Director: Olivia Wilde
Year of release: 2019
Running time: 1 hour 45 minutes
by Jericho Cerrona
Superficial readings of Olivia Wilde’s film debut Booksmart will label it the “female version of Superbad”, seeing as it how it focuses on two high school best friends who experience one wild night before graduation, but the similarities mostly end there. Truthfully, Booksmart is closer in spirit and tone to TV’s Broad City; a show about female friendship balancing grossness and sweetness in equal measure. What really sets Wilde’s impressive film apart from something like Superbad, however, is its undeniable affection for every person onscreen. While Greg Mottola’s R-rated 2007 movie felt smug and misogynistic, Booksmart uses gross-out comedy tropes while never becoming mean-spirited. This is a funny, heartwarming, and very cunning movie which uses the high school movie tropes of the 1980s, updates them for the Gen Z crowd, and then subverts expectations.
The film follows best friends Molly (Beanie Feldstein) and Amy (Kaitlyn Dever), both of whom are intense practitioners of A+ grades in hopes of getting into elite colleges. To say they don’t party is an understatement; as their idea of a bonafide rager is late night study sessions at the local library. Molly is the feisty class president, Amy is the more shy feminist with a crush on a skater girl, and their school principal is played by the dopey Jason Sudeikis, who nearly gets harassed by Molly into arranging a budget meeting with the juniors on the final day of class. Joined at the hip for the past 4 years, Molly and Amy realize that nearly every other student, even the long-haired stoner Theo (Eduardo Franco) are getting into Yale or Columbia. This realization sets off a series of events where the girls decide to spend the last night before graduating attending an epic party.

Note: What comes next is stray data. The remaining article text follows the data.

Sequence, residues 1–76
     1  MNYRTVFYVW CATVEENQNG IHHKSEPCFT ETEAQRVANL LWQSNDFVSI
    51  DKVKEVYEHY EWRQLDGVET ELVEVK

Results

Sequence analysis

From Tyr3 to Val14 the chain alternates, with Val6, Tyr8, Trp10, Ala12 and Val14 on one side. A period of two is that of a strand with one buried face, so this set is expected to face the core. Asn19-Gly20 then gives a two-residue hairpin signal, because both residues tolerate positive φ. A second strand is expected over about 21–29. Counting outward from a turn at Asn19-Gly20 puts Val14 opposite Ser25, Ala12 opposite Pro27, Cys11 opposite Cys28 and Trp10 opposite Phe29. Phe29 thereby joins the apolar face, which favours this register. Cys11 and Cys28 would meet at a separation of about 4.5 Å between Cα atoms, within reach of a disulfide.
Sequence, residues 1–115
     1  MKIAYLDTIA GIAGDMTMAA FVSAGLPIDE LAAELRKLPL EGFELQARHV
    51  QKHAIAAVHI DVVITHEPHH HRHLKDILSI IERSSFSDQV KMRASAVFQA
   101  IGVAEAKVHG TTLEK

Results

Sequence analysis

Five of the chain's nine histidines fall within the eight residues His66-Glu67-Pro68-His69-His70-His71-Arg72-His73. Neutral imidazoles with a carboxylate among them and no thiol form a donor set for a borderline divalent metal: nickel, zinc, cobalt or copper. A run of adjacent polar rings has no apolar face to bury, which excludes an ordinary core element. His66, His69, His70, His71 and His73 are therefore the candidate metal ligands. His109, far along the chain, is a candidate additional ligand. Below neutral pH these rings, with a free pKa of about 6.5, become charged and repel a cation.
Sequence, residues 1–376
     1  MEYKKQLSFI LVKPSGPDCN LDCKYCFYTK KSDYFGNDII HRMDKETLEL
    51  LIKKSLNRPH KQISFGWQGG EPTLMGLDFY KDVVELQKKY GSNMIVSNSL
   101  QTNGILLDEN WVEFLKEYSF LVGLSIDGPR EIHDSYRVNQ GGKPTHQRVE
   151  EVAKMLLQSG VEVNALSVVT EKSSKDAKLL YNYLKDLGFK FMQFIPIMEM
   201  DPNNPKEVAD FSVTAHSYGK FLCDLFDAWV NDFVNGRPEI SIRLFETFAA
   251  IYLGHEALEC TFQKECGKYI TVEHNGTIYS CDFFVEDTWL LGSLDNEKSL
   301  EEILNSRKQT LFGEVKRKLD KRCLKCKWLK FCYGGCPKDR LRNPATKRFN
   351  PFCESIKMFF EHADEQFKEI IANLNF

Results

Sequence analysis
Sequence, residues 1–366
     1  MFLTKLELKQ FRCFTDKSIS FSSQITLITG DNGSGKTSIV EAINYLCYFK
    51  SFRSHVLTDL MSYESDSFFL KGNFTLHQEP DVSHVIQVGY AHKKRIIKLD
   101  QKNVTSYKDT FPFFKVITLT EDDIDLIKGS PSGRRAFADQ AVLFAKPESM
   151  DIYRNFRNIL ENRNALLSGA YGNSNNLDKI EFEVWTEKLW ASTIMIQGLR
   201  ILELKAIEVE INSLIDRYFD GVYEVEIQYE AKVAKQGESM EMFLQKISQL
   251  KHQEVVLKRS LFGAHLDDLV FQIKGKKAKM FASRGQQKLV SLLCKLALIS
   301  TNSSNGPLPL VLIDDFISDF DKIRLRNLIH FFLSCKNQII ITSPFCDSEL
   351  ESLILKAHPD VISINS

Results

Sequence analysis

Booksmart features the requisite drunken debauchery, wacky hijinks, and R-rated grossness that we’ve come to expect from the genre, but because it features two characters we care about (Feldstein and Dever both deliver star-making performances here), the film always feels empathetic to its core. Meanwhile, Wilde’s direction is confident and ambitious, although she does take some chances that don’t quite pay off, such as a claymation drug-tripping sequence which feels like a separate Vimeo short film and an over-reliance on non-diegetic pop songs. Still, these flaws aren’t enough to detract from the fact that this is a female-centered story which is allowed to be vulgar without sacrificing its warm heart. In an ideal world, Booksmart would be the game-changing hit the vastly inferior Superbad was, if only to show that one can be really into both Ken Burns documentaries and beer pong.